All high-output engines are prone to destructive tendencies as a result of overboost, misfueling, mistuning, and inadequate cooling. The engine community pushes ever nearer to the limits of power output. As it often learns, cylinder chamber combustion processes can quickly evolve into engine failure. This article defines two types of engine failures, detonation and preignition, each as insidious in nature to users as they're hard to recognize and detect. This discussion is intended only as a primer about these combustion processes since whole books have been devoted to the subject. Read more | Read part one

WHAT OUR MEMBERS ARE BUILDING
Converting Giant R/C Plans Into Your Walter Mitty Fighter, Part 2
Right at two years ago (February 2010 issue of Experimenter) we published the "What Our Members Are Building" article by Vince Homer that spoke about converting giant radio-controlled (R/C) aircraft plans for the purposes of building a scale homebuilt aircraft. A similar article was published in June 2009 when we showcased Jack Bally's 1/3 scale replica B-17. In this issue Vince Homer shares his love for small- and large-scale aircraft in an inspirational and educational way that may help you create your own "Walter Mitty" fighter. Read more

HOW TO
How to Make an Oil Seal Installation Tool
When a special tool is in need, all isn't necessarily lost. You're building an airplane, right? So how hard could it be to build a tool? It's not very hard at all is what Bill Craft of EAA Chapter 287 discovered when tasked with replacing his oil seal on the front of his Lycoming engine. A little trip to the plumbing section of the hardware store, a little crafting in the shop, and voilà, a tool is born. Read more
Superflite
Transponder Code 1202
The Soaring Society of America recently announced that the FAA has now assigned transponder code 1202 for use by gliders not in contact with an air traffic control (ATC) facility with an effective date of March 7, 2012. The notice was published in JO 7110.577. Gliders operating in areas where there is an agreement with local ATC to use a different code should contact the agreement sponsor for guidance on which code to use. Read more

New, Fast, and Efficient: Aerochia's LT-1
It's real, it's flying, and it's coming to AirVenture Oshkosh this year. We're talking about the Aerochia LT-1, a new experimental amateur-built kit with a speed range from 60 to 160 mph. Andy Chiavetta, EAA 508794, has partnered with four-time Reno Sport Class champ Darryl Greenamyer, EAA 691087, to produce the slick single-seater with an estimated kit price (firewall aft) will be in the $20,000 range. Read more

Sonex Onex Earns FAA Kit Approval
Sonex Aircraft LLC has earned kit approval for its single-place Onex from the FAA National Kit Evaluation Team (NKET). Sonex General Manager Mark Schaible made the announcement during this week's EAA webinar about the Onex (pronounced "One-X"). The FAA will now publish an amateur-building checklist for the folding-wing, sport pilot-eligible aircraft, which will allow Onex builders to show compliance with the major portion requirement of the 51 percent rule. NKET approval is not only important to builders in the United States, but also to builders in many other countries whose aviation authorities base their homebuilt aircraft regulations upon NKET approval. Read more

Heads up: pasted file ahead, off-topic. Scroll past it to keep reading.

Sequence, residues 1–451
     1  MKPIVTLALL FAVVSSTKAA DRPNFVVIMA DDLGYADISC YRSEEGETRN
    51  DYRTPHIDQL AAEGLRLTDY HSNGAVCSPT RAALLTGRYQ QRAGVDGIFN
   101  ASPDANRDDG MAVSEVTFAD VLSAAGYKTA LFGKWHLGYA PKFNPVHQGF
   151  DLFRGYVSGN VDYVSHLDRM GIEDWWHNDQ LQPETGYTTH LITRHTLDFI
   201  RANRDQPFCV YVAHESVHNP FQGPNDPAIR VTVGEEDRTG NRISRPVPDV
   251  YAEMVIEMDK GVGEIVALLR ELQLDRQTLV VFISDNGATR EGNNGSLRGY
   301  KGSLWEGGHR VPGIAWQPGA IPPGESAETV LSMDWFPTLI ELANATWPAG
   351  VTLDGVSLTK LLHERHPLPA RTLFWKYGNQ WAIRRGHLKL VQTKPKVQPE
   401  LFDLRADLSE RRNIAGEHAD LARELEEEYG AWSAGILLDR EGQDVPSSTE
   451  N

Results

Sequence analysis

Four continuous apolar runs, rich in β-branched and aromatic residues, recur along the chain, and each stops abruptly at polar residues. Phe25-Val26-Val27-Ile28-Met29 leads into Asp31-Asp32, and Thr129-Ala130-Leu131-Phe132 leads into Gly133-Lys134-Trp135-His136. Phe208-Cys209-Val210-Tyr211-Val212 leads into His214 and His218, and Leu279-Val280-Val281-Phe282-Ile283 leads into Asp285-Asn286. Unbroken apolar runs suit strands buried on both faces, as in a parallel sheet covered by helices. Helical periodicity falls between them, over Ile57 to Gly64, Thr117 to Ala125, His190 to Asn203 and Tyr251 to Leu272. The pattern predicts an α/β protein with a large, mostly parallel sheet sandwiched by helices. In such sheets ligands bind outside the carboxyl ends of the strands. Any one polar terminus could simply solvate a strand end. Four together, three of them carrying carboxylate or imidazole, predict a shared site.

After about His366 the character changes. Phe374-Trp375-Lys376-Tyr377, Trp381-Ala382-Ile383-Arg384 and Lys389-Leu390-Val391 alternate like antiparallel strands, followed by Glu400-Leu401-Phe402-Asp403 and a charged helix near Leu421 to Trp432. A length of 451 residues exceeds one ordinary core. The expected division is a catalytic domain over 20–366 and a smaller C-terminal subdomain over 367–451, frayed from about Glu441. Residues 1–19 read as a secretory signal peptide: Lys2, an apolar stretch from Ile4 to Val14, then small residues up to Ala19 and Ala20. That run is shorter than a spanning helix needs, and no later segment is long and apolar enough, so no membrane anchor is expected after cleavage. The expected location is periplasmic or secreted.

Auxiliary Rotary Engine for Electric Aircraft by L-3
A rotary engine is being developed by L-3 Communications as part of the hybrid power system for an electric aircraft. The R350, L-3/Magnet-Motors' electrical motor and drive system, was showcased in recent airliner electric taxi trials. L-3 plans to translate that electric technology into a propulsion system for large stealth UAVs, with the new heavy fuel rotary engine to provide auxiliary power. Read more

EAA SportAir Workshops
More than 100 current and future homebuilders attended the recent SportAir Workshops held at EAA headquarters, learning the basics of fabric covering, composite, sheet metal, and other building skills. To learn more about future SportAir sessions held across the country, click here. See the photo gallery.

Pipistrel Taurus G4 Nominated for Collier Trophy
The electrically powered Pipistrel G4 that won NASA's Green Flight efficiency challenge is one of four aircraft nominated to win the National Aeronautic Association's 2012 Collier Trophy. The other finalists are the Boeing 787 Dreamliner, Lockheed C-5M Super Galaxy, and Gamera Human Powered Helicopter. The Collier Trophy is awarded each year for "the greatest achievement in aeronautics or astronautics in America." The achievement must have been demonstrated in actual use, not merely proposed or planned. Last year the Collier went to Sikorsky's X2 helicopter that demonstrated technology that advanced helicopter speed to new levels. Read more